#DidYouKnow that the world’s longest piece of music is LIVE and will end in the year 2640?
Our #TuesdayTrivia is something that will divide people into those who think it is complete trivia and those who think it’s anything but trivial. Today we’re celebrating the Guinness World Records Day.
We’ve brought you several musical world records from the smallest to the largest guitars as well as the fastest Flight of the Bumble Bee and the fact that we can find and verify these records is down to an argument between Sir Hugh Beaver and his fellow hunting mates in North Slob, County Wexford, Ireland. What was the argument about you ask? Which bird was the fastest game bird in Europe, of course.
Given the lack of reference material with which it answer his question (the answer to which was the plover) he decided that a single reference book in which the fastest, highest, strongest, etc., was listed was required. He got together with Norris and Ross McWhirter to create the first ever compilation of record, well, everything they could get their hands on. So it was that the first 1000 copies of the Guinness Book of Records were printed in 1954. The book was hugely successful, and thus the legacy that is the Guinness Book of World Records was born and has continued to be reprinted every year, ever since.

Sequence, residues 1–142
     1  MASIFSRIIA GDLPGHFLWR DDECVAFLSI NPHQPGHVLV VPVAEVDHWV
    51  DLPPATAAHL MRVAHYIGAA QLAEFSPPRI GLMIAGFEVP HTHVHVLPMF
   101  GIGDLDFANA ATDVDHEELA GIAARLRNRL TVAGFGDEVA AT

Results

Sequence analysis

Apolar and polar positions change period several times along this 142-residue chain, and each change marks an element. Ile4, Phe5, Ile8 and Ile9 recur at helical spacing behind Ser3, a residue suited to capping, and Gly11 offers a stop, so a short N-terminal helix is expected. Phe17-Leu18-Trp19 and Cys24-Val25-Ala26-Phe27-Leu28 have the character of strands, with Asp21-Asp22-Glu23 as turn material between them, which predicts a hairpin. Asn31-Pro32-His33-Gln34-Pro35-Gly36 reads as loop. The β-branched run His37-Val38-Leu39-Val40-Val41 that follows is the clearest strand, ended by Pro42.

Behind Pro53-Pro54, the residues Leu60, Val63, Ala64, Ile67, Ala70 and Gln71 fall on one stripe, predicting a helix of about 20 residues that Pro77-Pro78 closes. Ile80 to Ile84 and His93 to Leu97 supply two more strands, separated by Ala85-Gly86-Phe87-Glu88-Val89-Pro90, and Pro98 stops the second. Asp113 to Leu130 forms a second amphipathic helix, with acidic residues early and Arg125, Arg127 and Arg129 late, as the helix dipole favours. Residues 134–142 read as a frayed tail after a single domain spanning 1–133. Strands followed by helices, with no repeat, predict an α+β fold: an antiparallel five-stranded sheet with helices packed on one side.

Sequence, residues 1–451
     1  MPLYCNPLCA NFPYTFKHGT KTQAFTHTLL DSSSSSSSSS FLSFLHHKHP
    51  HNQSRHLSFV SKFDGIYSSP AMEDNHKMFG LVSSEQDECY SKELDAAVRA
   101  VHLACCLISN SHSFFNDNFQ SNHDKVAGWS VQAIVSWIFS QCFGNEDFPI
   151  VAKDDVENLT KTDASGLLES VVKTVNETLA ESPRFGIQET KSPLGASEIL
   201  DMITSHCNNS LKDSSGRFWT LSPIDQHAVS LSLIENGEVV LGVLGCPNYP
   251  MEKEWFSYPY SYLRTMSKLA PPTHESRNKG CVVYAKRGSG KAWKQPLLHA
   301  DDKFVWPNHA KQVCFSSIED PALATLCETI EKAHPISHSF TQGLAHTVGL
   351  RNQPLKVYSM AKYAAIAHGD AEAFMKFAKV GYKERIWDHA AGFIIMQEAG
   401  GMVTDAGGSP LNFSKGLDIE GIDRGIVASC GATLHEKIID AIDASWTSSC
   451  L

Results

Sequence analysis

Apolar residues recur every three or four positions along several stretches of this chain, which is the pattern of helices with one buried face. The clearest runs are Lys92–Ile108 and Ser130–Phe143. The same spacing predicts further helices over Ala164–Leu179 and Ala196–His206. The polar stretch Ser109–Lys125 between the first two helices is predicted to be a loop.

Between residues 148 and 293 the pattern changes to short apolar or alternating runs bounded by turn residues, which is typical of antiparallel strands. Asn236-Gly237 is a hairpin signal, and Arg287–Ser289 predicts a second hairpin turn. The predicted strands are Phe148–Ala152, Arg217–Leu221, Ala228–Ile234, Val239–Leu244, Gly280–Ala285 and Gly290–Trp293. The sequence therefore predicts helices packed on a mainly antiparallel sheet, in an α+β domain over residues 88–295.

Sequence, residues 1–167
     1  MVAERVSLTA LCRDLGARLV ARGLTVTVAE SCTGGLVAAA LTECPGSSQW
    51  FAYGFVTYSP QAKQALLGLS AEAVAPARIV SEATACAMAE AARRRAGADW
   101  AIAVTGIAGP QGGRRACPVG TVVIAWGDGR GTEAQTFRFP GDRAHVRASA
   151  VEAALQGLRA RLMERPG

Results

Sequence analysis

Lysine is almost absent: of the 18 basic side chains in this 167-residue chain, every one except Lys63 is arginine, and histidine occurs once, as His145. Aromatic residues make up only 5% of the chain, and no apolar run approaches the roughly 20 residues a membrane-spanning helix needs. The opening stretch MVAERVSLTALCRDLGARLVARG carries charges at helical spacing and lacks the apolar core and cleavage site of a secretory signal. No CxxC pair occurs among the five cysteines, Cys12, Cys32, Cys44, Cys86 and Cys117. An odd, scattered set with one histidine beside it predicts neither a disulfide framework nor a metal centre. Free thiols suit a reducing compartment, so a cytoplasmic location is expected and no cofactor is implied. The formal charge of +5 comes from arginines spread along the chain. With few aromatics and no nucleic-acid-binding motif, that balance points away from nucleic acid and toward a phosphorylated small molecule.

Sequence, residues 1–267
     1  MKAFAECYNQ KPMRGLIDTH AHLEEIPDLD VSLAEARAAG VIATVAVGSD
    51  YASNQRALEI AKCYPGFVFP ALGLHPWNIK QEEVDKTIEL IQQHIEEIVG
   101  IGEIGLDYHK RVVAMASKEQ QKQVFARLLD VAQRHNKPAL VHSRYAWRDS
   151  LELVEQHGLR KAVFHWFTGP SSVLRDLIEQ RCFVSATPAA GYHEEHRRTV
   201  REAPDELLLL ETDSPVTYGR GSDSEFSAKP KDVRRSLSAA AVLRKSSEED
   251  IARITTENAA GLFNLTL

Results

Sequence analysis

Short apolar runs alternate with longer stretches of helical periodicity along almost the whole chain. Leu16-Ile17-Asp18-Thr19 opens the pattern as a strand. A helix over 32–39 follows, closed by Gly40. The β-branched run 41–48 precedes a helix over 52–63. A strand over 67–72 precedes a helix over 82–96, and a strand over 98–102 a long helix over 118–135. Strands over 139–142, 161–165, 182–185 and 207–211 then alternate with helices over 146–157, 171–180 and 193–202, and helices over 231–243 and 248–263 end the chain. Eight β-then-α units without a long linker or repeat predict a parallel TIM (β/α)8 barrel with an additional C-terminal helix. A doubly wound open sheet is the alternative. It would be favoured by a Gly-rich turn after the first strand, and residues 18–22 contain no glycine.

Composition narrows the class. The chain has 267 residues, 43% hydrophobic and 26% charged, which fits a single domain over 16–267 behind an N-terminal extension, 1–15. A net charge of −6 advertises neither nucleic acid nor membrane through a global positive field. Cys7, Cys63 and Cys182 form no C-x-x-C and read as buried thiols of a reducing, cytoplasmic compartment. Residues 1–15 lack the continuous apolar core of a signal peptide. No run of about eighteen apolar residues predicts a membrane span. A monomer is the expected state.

Guinness World Record Day was established to give people a day to focus on challenging existing records or putting forth a new record to be put into the books. That latter is for the truly ambitious, but it’s entirely possible! So whether you try to play an even faster Flight of the Bumble Bee or start working on the smallest, or largest, instrument, we encourage you to raise a glass to all those who have created or held a musical record.
A little while ago we shared the World Record for guitar speed at some 1300bpm whilst playing Flight of the Bumblebee. It seems this is a popular tune with the speed merchants as we came across Ben Lee breaking the Violin speed record, under 1 minute, for the same piece.